I read another collection of essays by David Sedaris this month, and of course I loved it.
Specific essays stand out to me:
“The Understudy” offers a poignant comparison of how we view people as children and our eventual opinions of them once we grow up. In this essay, Sedaris specifically speaks about a nanny named Mrs. Peacock, who he saw as trouble “the moment her car pulled up.” Later, when Mrs. Peacock takes the kids over to her house, obviously trying her best to be a good hostess, Sedaris says,
“. . . I wished she would stop. My opinion of her had already been formed, was written on paper, even, and factoring in her small kindnesses would only muddy the report. Like any normal fifth grader, I preferred my villains to be evil and stay that way, to act like Dracula rather than Frankenstein’s monster, who ruined everything by handing that peasant girl a flower.”
As kids we see the world in black and white, the way I saw my neighbor 4 doors down as a witch, simply because she yelled at me once for throwing a ball into her nice rose bushes. But she wasn’t a witch at all; she just wanted to keep her roses looking nice.
I also liked Sedaris’ perspective on embarrassment in “In the Waiting Room.” Even when we find ourselves in our underwear in a crowded waiting room, as Sedaris does in this essay, to think that is the only thing people will remember from that day is almost pompous. Embarrassment is so personal that we very well might be the only ones who remember that cringeworthy experience the next day.
There is something more that I really love about Sedaris. He writes with such particular detail, that it is impossible to read his essays without identifying with them in some way. A minor phrase can bring on a whole onslaught of memories I didn’t even realize I still had.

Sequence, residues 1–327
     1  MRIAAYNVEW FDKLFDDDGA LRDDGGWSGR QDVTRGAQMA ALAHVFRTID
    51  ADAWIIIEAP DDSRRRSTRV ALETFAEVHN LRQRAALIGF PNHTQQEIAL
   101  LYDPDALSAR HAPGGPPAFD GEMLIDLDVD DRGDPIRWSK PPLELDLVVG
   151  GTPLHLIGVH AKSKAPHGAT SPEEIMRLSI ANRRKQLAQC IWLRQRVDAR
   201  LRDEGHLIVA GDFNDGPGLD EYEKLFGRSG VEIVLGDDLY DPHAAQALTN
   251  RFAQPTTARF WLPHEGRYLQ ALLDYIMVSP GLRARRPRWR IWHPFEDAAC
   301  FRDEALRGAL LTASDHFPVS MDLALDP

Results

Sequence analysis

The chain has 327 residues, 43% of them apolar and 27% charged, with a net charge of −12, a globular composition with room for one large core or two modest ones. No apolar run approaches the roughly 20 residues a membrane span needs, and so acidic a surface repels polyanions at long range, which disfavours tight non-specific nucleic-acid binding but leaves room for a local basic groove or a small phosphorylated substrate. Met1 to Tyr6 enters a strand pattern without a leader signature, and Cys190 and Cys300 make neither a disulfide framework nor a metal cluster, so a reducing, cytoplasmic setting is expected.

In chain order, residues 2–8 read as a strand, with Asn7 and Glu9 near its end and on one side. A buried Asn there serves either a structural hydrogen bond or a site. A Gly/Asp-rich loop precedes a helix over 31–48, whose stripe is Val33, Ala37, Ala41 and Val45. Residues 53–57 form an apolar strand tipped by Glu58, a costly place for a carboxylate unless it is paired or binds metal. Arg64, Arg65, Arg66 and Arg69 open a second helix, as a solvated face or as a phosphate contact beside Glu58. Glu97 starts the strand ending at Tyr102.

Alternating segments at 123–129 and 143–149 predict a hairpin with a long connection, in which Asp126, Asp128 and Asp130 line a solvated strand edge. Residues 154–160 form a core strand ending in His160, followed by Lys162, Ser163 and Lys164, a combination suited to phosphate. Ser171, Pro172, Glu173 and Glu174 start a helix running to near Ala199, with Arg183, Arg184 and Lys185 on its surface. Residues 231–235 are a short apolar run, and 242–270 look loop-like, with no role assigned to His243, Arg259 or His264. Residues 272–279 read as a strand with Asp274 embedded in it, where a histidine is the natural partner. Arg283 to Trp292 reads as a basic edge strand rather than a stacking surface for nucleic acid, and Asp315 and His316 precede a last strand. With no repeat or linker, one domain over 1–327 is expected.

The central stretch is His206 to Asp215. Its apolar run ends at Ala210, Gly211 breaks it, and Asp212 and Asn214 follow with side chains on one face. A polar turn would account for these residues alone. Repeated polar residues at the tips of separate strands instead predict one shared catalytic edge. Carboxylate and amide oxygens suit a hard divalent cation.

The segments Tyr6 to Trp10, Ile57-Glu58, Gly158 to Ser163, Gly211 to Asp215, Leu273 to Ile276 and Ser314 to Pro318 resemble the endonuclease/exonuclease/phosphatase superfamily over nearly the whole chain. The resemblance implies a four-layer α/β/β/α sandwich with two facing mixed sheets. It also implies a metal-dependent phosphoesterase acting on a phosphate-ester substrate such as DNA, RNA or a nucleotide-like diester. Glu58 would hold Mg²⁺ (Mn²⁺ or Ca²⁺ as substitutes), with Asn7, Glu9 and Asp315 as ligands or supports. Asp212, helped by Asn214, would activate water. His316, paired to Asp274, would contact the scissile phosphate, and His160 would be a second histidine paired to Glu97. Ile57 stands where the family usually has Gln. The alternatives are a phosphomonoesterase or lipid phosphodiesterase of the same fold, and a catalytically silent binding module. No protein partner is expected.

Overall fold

For example: Sedaris mentions a cameraman filming a nature documentary in New Guinea, “where the people used to wear sexy loincloths, but now stand around in T-shirts that say ‘Cowboys Do It With Chaps’ and ‘I Survived the 2002 IPC Corporate Challenge Weekend.” While it’s not the most sensitive description, it reminded me of a photo of a teenager in a similar country wearing a most likely mass-produced T-shirt with a major typo on it. He either had no idea what it said, or simply didn’t care. A shirt was a shirt.
Strangely enough, that memory led me to think about another. When I was in 4th grade, I saw one of my oldest friends wearing a T-shirt that I also owned – one that I received at a cheer camp I attended over the summer. I knew my friend had not attended this camp, but there she was, wearing the shirt. I asked her where she got it, and she replied that she received it from a friend who bought it at a second hand thrift shop.
I liked the shirt. I had earned that shirt, and was proud of it. So it bothered me that my friend was wearing it simply as a fashion statement. It didn’t mean anything to her. I was also bothered by the fact that someone would even buy a shirt from a cheer camp they never attended in the first place.
I hadn’t thought that about that in years; maybe not even since it happened. But my brain stored it away for some reason, and David Sedaris fished it out again.
But that’s just what he does best.
My Rating: ★★★★